Related Rule
Practice Relating to Rule 140. The Principle of Reciprocity
Germany’s Military Manual (1992) states:
People complying with the provisions of international humanitarian law themselves can expect the adversary to observe the dictates of humanity in an armed conflict. No one shall be guided by the suspicion that soldiers of the other party to the conflict might not observe the rules. Soldiers must treat their opponents in the same manner as they themselves want to be treated. 
Germany, Humanitarian Law in Armed Conflicts – Manual, DSK VV207320067, edited by The Federal Ministry of Defence of the Federal Republic of Germany, VR II 3, August 1992, English translation of ZDv 15/2, Humanitäres Völkerrecht in bewaffneten KonfliktenHandbuch, August 1992, § 1204.
Germany’s IHL Manual (1996) notes: “Only those who respect themselves the regulations of international humanitarian law may expect that the adversary also respects them (so-called principle of reciprocity).” 
Germany, ZDv 15/1, Humanitäres Völkerrecht in bewaffneten Konflikten – Grundsätze, DSK VV230120023, Bundesministerium der Verteidigung, June 1996, § 109.
In 2005, in its Seventh Human Rights Policy Report submitted to the Bundestag (Lower House of Parliament), Germany’s Federal Government stated:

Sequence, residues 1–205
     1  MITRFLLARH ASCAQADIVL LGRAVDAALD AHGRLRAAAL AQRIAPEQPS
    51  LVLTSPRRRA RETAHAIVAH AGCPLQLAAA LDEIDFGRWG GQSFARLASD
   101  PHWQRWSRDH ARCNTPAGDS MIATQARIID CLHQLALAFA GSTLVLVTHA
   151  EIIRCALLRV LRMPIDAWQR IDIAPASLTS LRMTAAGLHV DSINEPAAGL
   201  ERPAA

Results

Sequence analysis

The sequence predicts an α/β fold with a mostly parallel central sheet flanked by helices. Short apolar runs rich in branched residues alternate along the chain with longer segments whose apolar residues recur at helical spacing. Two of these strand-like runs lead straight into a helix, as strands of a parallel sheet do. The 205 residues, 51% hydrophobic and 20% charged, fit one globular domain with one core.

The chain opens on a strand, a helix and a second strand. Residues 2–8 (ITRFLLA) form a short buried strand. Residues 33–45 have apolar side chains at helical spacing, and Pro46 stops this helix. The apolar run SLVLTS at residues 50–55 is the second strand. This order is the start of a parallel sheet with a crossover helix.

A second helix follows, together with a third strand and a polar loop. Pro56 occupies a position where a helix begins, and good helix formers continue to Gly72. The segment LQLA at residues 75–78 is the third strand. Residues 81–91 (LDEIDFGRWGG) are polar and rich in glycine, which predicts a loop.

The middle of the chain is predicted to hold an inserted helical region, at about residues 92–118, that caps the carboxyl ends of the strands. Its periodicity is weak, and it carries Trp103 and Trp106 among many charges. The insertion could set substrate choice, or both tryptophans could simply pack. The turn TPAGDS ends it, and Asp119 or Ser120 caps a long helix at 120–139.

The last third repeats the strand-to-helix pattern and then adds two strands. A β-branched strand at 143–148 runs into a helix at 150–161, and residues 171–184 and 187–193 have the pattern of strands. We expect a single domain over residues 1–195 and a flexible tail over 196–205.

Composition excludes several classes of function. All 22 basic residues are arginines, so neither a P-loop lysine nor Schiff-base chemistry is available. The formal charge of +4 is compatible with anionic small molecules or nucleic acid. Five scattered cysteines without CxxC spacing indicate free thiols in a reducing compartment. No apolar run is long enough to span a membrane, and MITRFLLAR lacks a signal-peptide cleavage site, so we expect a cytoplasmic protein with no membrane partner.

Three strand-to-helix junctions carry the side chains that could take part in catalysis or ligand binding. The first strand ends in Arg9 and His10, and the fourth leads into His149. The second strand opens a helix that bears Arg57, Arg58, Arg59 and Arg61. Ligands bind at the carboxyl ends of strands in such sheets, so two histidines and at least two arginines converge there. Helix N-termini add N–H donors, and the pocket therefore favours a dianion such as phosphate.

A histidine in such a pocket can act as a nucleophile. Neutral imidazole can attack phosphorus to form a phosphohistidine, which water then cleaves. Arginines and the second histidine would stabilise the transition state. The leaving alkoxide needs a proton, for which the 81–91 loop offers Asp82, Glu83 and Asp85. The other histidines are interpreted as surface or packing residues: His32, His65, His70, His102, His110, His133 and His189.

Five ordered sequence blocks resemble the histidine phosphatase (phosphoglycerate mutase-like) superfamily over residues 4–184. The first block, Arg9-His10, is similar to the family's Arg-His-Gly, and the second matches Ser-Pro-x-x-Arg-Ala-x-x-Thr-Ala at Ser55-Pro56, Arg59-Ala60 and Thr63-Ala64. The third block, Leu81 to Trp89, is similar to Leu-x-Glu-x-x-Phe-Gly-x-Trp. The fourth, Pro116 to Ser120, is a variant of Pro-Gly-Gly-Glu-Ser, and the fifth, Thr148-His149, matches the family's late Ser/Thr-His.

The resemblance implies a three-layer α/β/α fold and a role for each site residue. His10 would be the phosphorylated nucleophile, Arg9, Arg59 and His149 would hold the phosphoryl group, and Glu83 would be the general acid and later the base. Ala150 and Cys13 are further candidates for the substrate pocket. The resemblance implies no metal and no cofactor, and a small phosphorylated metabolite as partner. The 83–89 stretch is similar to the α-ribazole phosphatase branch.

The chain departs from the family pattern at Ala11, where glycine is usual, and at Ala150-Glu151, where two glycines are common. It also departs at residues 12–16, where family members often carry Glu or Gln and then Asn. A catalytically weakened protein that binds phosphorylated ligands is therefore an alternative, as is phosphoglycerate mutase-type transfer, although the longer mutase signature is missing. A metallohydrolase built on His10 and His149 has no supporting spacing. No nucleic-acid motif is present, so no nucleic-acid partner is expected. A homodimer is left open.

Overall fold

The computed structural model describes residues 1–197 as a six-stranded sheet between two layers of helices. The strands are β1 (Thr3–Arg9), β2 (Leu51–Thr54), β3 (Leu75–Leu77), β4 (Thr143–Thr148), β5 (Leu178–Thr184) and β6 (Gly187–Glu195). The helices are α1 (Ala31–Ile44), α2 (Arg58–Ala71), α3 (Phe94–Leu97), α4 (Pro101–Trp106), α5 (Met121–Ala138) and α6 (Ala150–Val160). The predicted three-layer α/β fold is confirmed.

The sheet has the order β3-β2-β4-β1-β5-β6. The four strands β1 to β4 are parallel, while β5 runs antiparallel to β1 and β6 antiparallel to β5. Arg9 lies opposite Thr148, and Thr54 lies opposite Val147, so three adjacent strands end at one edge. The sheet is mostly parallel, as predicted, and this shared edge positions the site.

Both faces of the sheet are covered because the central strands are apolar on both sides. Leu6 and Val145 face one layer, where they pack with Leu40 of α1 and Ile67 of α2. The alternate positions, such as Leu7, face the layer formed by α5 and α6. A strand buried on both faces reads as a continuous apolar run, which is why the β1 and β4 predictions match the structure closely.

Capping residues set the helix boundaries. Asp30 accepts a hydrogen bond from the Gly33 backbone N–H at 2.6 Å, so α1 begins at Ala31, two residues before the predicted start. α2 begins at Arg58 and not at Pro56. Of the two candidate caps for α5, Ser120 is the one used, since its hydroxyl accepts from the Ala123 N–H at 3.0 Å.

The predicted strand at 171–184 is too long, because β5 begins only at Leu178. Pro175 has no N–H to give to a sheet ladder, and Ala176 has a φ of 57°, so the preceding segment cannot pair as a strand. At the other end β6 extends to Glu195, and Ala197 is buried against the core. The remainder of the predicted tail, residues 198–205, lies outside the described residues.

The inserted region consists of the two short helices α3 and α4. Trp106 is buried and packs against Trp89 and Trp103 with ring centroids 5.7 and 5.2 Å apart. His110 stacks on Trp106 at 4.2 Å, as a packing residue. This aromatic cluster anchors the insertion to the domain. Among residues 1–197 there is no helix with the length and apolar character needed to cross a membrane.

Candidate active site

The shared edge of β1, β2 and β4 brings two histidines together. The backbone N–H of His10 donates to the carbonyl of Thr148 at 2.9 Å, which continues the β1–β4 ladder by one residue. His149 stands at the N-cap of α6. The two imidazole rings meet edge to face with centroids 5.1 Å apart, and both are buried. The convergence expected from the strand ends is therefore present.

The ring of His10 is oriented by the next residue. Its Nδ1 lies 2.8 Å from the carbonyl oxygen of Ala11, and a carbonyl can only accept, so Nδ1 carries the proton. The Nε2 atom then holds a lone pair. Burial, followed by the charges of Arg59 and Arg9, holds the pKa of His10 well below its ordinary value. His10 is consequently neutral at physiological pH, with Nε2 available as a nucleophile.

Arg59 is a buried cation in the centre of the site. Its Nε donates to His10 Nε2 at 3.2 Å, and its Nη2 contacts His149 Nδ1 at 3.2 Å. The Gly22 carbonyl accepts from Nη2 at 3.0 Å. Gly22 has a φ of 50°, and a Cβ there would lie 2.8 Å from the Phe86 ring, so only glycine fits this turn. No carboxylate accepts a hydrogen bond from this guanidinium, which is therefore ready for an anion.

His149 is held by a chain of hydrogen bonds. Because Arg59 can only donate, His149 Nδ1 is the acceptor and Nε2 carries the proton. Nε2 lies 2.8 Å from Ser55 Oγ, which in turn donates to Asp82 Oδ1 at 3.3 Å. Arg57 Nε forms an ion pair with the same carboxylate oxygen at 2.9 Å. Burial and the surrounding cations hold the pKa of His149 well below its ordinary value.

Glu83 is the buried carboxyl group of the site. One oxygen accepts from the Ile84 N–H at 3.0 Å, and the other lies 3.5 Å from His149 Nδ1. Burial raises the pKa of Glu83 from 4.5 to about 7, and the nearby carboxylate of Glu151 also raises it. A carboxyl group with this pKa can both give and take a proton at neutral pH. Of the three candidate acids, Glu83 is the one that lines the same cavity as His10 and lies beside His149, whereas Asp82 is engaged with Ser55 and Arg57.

At the 28th International Conference of the Red Cross and Red Crescent in Geneva in December 2003, the then Federal Government Commissioner for Human Rights Policy and Humanitarian Aid at the Federal Foreign Office, Claudia Roth, stated the following with regard to the treatment of prisoners of war in Guantánamo:
“International humanitarian law and the international human rights protection standards create legal protection, without gaps, for the individual human being. No grey areas can be allowed in this comprehensive protective mechanism, to which States have committed themselves.
This applies to prisoners of war, suspects and also to a war criminal, who, rightly so, is held to account. He also is entitled to humane treatment and a fair trial, in accordance with the rule of law.
Also in the fight against terrorism we must remain committed to our humanitarian standards, even if the adversary has disregarded them in a cruel and unscrupulous way. I would like to stress this expressly with a view to the detainees in Guantánamo.” 
Germany, Federal Government, Seventh Human Rights Policy Report, 17 June 2005, p. 25.